Back to the flood. The more newspaper went down, the more water appeared. Eventually I thought, I’ll have to get the mop out. Opening the cupboard door I was greeted by a mini tsunami, as water was pouring from the boiler into an empty cat litter tray and flowing over onto the floor. So not rain after all. Before I could get the mop out, Simba was in the cupboard, paddling in the water, shaking his paws and then swiping anything that moved. There were quite of a lot of soaked objects to be removed and as I went to pick up a drenched half empty bag of cat litter, it split, spewing the contents into the floor. Unlike the more expensive brands, it’s main ingredient turns out to be mud. There was now a lovely slippery mud bath in the entrance to the cupboard. Never fear, Simba was there skidding around in the brown gunge and as fast as I tried to scoop it up with a cloth, he was catching the cloth in his claws and spaying the mud even further. At 6.30am I was struggling to see the funny side of this, being slightly concerned about the boiler and the amount of water everywhere. Words like ‘floody hell’ or worse were being muttered frequently. Still, on my morning of mopping I was never alone and at least there was someone else to laugh at. My feline helper was always by my side, trying to catch the mop, trying his hand/paw with a cloth or simply running in and out across the wet floor, back legs skidding out behind him – a soft landing guaranteed on his enormous fluffy tale.

By the time an electrician, two plumbers and a boiler technician (significant Cypriot labour forces) had arrived, the two of us had attempted to hang wet materials outside or upstairs and most of the mud had been cleaned away, bar a few paw prints here and there.

Come to think of it, Simba isn’t the only eccentric pet we’ve had… I once had a cat that turned a bit mad when I moved him to live in a flat in the East End of London from rural Kent. He used the back of our toilet as a urinal and had a habit of smacking people that he didn’t like. An ex-boyfriend, who will remain anonymous, was sitting on the carpet one evening by the slightly ajar lounge door, having just made an uncharitable remark about the absent cat. A second later a black and white paw shot round the edge of the door and dealt him a punishing swipe. Our first dog, a golden retriever, was a canine Houdini. He used to escape through the cat flap to go begging scraps at the local abattoir. Our second dog, Copper …where do I start? Because that requires a whole new post!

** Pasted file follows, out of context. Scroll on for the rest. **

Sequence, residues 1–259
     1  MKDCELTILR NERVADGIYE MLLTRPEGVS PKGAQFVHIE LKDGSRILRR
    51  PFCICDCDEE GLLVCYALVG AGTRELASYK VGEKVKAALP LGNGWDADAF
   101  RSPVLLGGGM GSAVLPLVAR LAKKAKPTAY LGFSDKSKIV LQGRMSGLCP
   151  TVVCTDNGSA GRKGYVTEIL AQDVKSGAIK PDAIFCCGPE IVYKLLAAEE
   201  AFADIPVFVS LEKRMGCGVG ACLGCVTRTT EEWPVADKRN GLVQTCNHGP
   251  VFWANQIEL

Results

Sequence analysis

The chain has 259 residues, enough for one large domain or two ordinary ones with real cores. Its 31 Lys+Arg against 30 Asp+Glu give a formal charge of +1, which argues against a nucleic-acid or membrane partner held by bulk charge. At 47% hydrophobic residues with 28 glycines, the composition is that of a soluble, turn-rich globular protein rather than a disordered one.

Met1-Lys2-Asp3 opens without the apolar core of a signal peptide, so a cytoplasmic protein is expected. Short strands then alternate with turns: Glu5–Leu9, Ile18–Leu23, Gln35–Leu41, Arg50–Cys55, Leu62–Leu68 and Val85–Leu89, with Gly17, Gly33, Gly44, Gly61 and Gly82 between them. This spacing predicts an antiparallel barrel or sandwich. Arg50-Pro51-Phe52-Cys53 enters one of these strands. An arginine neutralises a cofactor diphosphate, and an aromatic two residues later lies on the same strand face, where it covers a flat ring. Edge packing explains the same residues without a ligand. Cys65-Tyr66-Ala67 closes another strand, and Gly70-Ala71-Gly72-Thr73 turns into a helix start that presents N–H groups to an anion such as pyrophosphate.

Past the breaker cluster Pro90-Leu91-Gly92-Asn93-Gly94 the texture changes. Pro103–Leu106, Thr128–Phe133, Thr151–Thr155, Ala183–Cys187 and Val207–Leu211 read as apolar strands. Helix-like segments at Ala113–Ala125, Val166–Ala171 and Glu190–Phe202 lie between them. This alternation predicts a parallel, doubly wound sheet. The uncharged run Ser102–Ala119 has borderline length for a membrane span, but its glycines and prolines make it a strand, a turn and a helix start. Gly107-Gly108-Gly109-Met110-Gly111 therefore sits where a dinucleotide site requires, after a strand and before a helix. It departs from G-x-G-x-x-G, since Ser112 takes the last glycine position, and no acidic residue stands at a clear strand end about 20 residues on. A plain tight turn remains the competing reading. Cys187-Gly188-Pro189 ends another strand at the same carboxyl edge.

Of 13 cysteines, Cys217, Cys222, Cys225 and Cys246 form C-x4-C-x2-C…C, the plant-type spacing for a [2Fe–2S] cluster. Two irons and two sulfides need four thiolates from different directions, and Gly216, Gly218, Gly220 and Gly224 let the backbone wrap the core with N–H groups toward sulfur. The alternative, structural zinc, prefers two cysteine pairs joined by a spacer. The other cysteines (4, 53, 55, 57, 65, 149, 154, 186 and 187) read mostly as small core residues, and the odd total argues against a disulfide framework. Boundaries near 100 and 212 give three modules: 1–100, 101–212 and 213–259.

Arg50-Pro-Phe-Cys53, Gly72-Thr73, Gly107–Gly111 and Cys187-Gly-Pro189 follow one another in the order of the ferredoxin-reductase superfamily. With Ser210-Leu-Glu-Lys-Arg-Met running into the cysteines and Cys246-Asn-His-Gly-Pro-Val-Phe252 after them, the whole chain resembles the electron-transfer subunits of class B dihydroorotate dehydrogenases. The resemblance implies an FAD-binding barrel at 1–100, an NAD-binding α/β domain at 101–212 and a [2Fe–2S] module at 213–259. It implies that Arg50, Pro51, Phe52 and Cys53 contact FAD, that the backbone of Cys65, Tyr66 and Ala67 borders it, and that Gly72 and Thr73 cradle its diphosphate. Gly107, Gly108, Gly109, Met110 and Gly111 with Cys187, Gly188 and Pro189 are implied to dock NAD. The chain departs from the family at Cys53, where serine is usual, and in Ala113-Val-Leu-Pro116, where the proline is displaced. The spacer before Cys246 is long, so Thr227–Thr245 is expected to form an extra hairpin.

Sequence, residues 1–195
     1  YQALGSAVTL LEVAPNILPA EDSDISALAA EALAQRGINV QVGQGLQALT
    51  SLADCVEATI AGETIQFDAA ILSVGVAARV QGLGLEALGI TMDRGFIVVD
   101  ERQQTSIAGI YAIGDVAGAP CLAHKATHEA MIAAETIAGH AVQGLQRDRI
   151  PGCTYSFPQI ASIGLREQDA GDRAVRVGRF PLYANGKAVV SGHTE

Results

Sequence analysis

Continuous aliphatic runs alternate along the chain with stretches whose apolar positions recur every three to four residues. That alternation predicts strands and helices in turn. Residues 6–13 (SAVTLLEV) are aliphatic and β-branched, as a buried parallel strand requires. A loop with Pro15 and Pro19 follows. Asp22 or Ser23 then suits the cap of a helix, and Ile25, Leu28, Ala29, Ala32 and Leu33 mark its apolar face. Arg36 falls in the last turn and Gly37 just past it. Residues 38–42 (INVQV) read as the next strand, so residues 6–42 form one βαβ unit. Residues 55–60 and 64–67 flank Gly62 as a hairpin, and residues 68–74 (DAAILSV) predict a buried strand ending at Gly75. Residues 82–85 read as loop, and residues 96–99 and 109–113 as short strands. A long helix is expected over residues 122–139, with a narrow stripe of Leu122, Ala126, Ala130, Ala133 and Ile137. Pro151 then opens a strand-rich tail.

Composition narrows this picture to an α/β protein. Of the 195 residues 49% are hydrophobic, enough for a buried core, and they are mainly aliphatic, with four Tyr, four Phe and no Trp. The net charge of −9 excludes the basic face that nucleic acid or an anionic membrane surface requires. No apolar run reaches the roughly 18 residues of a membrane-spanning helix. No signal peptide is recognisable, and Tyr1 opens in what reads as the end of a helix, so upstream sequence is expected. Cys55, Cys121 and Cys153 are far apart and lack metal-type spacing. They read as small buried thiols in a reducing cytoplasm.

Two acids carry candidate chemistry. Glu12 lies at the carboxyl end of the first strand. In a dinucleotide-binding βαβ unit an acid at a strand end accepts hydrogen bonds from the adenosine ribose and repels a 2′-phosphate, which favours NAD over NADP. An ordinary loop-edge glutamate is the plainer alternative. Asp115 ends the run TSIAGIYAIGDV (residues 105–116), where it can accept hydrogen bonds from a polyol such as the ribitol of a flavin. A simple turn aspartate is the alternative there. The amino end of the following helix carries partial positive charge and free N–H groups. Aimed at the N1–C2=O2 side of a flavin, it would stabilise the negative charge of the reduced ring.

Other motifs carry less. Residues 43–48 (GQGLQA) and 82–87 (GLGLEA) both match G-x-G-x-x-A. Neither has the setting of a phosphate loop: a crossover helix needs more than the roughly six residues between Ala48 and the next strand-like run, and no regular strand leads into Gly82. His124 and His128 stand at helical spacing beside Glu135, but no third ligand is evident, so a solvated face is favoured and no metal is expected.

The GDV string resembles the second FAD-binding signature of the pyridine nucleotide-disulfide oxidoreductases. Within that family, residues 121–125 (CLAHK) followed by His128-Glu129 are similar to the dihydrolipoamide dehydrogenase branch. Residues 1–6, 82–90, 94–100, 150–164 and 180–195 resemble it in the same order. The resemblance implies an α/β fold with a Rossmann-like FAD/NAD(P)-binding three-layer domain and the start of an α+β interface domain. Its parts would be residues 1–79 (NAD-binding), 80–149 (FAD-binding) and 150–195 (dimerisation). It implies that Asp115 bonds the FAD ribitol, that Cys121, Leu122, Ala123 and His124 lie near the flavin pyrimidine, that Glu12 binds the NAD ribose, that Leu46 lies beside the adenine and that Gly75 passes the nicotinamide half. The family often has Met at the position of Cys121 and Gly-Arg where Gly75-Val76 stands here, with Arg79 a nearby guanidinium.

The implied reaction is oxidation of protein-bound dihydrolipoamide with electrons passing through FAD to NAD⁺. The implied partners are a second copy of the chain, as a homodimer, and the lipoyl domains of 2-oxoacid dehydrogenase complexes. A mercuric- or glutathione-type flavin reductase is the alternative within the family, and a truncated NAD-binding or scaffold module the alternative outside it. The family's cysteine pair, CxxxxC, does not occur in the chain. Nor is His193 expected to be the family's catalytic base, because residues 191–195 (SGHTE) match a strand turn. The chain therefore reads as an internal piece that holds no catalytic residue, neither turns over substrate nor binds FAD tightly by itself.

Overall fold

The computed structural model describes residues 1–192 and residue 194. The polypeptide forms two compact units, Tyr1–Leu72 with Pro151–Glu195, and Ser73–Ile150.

a life of crime

I’m feeling a tiny bit guilty about not reporting a crime. The trouble is the perpetrator is so cute.

I have to confess I am living with a ‘cat burglar’ and we have so far been hiding his crimes.

You’d never guess by looking at him that this sweet little almost one-year-old cat, with his butter-wouldn’t-melt-in-his-mouth, big golden eyes could possibly be up to no good. But the evidence is there as clear as anything just outside our front door.

He started his criminal career with small items, but he’s now progressed and I can see the slippery slope of a life of crime ahead.

At first it was the odd hair bobble left on the arm of a chair, that was surreptitiously picked up in his mouth and taken off to a corner of the room to play with and eventually ended up under the settee. Then he moved on to slightly larger items, like pens or bracelets or necklaces, anything that jangled and has string and tassels.

This wasn’t so bad if the stolen goods were from our own house and we’d usually track them down in a corner of the room or with a pile of hair bobbles under a chair. But the other day we heard a clatter through the window. Looking round we saw him prancing through the room with a string in his mouth and behind him he was dragging a very large paintbrush. It was brand new and smelt of animals – probably the badger hair bristles. The special find was taken away to be stored with all his other stolen goods in a bush by the front door.

Ethical dilemma… do we try and find the owner of the brush? Or do we just let him keep it?


I’m thinking, keep it…. partly because we don’t know whose brush it is and no-one has reported one missing. And also who would ever think, that new brush they left by the back door could have been picked up and stolen by a cat? But then, they don’t know Simba.